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WA’s only confirmed case of swine flu has been cleared after a week in quarantine, Ten News has reported, while the nation’s swine flu tally has passed 400.

The  man, who tested positive last week after going to hospital with mild flu symptoms, was in home quarantine with his wife and their eight children.

Australia’s Eastern States has been particularly hard-hit by the flu and Victoria has recorded a massive surge in cases, most of them children.
 
By this afternoon the number of confirmed cases in the State had risen to 306, a rise of 94 in 24 hours.

Most of the new cases in Victoria also involved young people aged five to 18, prompting a twelfth Victorian school to be closed today.
 
According to Federal Health Department figures, there were 64 confirmed cases in NSW, 18 in Queensland, six in South Australia, four in the ACT, and one each in Tasmania and the Northern Territory.
 
However, Queensland Health officials say the State now has 22 confirmed cases, the latest being teenage girls.
 
Federal Health Minister Nicola Roxon said the Government was assessing whether to elevate the nation’s response to the disease from the contain to the sustain phase.
 
Victoria is already preparing to move into the sustain phase, under which quarantining is limited to those who share a home with a confirmed swine flu patient.
In the contain phase, anyone who has had contact with a swine flu patient is quarantined voluntarily and given antiviral drugs for a week.
 
The nation’s chief medical officer, Professor Jim Bishop, said the advice to people with flu-like symptoms may change as swine flu evolved.
 
At present, people who come down with flu-like symptoms, especially if they have recently travelled to an affected country, are being advised to seek medical advice.
 
Professor Bishop said in the future, fit and healthy people may be told to stay at home and only those in at-risk groups, including those with seek medical advice and asthma, will be advised to visit their GP.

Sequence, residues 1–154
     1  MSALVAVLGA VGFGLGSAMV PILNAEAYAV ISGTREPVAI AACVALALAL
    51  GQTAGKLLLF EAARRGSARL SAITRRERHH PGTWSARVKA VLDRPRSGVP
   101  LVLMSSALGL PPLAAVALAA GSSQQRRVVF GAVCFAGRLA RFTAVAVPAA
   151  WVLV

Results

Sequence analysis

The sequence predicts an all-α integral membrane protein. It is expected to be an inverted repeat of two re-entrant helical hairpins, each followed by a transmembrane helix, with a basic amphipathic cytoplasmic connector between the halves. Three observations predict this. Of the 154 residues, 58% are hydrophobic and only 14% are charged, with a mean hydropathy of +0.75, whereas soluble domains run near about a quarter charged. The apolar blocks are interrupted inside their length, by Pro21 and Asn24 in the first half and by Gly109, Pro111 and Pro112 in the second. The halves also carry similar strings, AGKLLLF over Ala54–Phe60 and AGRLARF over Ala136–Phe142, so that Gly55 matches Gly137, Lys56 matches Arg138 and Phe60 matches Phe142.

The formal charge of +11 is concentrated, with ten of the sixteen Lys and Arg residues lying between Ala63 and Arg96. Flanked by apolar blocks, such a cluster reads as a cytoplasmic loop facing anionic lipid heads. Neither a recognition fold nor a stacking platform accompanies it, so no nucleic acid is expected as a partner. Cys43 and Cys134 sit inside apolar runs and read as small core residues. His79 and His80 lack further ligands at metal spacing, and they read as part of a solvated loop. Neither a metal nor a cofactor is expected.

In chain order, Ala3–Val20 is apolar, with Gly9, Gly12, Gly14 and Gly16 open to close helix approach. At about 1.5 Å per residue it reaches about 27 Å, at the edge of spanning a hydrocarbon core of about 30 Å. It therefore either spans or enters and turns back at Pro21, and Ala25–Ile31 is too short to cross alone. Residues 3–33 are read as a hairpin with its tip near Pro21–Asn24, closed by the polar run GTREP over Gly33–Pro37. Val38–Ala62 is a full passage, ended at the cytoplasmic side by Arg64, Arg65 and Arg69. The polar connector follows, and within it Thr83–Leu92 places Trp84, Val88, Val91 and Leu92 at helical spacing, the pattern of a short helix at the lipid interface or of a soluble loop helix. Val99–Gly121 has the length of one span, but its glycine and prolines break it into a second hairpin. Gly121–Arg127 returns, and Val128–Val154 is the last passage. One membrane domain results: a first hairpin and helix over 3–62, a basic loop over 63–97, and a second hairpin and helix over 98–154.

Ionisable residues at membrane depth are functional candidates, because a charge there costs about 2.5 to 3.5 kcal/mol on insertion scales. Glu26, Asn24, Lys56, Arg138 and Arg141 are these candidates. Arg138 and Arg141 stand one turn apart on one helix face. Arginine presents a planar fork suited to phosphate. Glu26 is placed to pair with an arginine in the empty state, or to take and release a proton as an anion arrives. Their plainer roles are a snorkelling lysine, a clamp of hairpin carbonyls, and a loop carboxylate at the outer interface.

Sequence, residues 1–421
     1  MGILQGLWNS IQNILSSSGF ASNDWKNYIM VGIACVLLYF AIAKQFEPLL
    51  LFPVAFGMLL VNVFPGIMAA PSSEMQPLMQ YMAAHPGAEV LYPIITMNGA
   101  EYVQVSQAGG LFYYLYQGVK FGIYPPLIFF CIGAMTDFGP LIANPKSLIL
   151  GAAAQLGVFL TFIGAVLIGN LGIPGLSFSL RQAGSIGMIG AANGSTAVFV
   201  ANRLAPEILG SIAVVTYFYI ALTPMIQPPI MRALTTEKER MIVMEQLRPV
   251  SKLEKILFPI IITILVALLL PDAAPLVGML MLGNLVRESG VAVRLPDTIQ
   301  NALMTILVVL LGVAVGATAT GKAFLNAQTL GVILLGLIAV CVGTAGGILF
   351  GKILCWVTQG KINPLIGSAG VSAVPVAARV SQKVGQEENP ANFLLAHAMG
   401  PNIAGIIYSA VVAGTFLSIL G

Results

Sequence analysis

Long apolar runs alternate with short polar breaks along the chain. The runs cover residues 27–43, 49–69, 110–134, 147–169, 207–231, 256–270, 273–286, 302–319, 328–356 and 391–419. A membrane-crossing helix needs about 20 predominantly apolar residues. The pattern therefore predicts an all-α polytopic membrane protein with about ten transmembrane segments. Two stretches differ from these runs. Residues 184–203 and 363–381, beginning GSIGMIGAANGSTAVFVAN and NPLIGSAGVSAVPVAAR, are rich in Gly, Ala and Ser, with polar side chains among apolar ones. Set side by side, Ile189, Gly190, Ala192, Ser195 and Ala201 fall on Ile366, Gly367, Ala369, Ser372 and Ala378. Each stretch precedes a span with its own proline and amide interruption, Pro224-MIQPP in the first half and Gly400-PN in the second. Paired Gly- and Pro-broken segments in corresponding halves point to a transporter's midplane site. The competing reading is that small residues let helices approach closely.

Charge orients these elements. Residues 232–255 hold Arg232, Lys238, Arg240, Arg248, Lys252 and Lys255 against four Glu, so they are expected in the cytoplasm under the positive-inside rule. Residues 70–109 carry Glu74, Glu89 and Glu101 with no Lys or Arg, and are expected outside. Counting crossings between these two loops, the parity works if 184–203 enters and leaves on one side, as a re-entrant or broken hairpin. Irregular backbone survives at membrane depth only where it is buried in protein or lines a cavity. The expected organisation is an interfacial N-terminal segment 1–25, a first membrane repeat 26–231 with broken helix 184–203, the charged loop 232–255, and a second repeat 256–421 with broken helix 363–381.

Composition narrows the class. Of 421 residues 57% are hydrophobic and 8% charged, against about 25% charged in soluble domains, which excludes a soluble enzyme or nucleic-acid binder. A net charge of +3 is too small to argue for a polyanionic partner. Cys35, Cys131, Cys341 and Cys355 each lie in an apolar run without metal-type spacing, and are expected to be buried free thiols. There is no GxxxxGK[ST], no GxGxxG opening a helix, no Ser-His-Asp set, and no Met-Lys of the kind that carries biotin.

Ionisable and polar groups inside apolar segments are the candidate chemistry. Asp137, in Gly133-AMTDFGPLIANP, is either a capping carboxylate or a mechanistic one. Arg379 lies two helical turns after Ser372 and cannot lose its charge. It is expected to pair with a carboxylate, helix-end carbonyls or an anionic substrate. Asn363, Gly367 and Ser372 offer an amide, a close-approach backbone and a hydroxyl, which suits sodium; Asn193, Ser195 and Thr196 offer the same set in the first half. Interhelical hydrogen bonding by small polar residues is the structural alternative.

“A lot of people that have these sorts of symptoms of course will, as this thing progresses, stay at home and not necessarily seek medical advice if in their own case it is a at-risk groups— and that we expect to see more of,” he said.
 
“As we move along in this marathon race, what we will need to do is obviously identify those people that we’re concerned about.
 
“If there is large numbers involved, we want to make sure the system is looking after people we most want to look after.”
 
The swine flu-affected ship Pacific Dawn docked in Sydney this morning after NSW Health authorities gave it the all-clear.
 

The P&O ship was forced to cut short its trip to the Barrier Reef last week when three crew tested positive for the virus.
 
A senior NSW Health doctor and 25 nurses boarded the ship in Brisbane on Saturday, testing all 2500 people on board during the two-day voyage to Sydney.
 
While disappointed the cruise didn’t go to plan, passengers said they still enjoyed the journey.
 
David Geers, from Brisbane, joked it was the perfect place to be quarantined for seven days.

 “If you had to be quarantined somewhere I couldn’t have thought of a better place … because we got fed, the drinks tasted the same and the staff were fantastic,” he told reporters at Darling Harbour.
 
More than 15,000 people in 53 countries have tested positive to swine flu, with deaths totalling 99.

Source www.thewest.com.au